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Analysis of Impediments to Hiring Minorities in Criminal Justice Agencies

NCJ Number
E Hochstedler
Date Published
43 pages
To identify intra-agency and extra-agency factors that play a role in advancing or impeding affirmative action goals, site visits were conducted at 19 criminal justice agencies (police, probation, and corrections) in 12 States.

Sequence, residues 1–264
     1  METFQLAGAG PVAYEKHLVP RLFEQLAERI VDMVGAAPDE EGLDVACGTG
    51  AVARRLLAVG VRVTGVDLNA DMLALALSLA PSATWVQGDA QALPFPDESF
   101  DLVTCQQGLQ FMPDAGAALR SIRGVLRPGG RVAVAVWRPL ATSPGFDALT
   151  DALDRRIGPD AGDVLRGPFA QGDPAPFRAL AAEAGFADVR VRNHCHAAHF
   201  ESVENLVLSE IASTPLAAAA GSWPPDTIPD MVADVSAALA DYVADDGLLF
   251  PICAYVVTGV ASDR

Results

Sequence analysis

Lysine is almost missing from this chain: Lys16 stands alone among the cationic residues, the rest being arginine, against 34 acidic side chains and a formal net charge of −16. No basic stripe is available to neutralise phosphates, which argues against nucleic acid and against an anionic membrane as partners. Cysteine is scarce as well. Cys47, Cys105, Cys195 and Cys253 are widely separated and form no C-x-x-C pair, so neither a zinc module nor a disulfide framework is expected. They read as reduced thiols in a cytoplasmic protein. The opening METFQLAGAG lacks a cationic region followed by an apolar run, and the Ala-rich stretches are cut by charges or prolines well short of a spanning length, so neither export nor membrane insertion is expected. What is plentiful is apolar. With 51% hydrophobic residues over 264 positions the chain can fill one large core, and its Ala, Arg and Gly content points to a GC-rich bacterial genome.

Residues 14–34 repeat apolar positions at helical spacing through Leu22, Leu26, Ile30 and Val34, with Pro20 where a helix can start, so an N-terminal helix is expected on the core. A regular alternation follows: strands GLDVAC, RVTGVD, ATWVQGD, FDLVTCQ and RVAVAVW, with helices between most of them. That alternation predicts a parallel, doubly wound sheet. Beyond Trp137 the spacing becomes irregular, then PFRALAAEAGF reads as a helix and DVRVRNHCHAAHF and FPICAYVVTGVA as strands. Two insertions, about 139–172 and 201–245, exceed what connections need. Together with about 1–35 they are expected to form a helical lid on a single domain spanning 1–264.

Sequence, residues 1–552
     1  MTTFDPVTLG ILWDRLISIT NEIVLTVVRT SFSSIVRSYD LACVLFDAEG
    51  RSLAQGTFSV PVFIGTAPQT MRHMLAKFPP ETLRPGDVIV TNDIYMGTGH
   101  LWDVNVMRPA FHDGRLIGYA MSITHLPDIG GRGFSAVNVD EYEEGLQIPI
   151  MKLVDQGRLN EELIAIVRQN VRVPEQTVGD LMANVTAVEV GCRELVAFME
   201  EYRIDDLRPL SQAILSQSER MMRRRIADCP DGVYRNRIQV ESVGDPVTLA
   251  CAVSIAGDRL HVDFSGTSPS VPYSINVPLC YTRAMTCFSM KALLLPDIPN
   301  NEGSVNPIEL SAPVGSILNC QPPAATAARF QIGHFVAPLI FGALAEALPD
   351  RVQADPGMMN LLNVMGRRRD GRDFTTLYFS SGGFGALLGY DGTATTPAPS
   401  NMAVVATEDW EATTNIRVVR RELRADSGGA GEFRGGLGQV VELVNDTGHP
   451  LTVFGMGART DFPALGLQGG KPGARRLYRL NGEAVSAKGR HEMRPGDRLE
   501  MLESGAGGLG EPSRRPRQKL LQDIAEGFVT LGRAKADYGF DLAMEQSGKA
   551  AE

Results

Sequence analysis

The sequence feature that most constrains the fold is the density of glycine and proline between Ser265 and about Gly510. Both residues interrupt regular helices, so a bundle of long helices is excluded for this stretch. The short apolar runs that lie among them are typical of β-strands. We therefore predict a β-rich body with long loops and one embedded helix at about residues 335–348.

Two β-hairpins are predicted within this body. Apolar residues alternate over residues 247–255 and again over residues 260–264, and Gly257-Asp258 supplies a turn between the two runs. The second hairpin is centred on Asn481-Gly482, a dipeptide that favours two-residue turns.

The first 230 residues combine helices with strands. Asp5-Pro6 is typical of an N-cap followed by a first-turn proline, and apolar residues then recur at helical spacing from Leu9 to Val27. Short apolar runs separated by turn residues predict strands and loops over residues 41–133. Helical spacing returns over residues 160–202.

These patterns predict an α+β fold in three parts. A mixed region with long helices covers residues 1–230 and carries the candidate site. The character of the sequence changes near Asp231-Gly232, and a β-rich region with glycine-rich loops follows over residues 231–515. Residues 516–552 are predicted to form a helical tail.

Interviews regarding recruitment, selection, retention, and promotion policies and procedures were conducted with personnel managers. Interviews also were conducted with minority and female employees. Results indicate that affirmative action (AA) plans tended to exist in terms of unclearly defined ends and that means to pursue these goals were more passive than active. In general, the perceived attitudes of the administrative leadership dictated the attitudes of the workforce toward AA and toward target (minority, female) personnel. Police agencies engaged in more extensive minority/female recruitment efforts than did corrections agencies, all of which were meeting their AA goals. There was some evidence that minority and female attrition rates were variably influenced by selection criteria and procedures. Most interviewees expressed the belief that AA had come about through actual or threatened court action or mandate. In fact, the existence of a hiring quota appeared to portend AA success, while its absence generally portended failure. While corrections agencies had larger proportions of female employees, both police and correction agencies have far to go before claiming success in meeting AA goals that reflect parity with the general workforce. In most agencies, AA is aimed at minorities, not women. Implications are discussed; tabular data and five references are provided.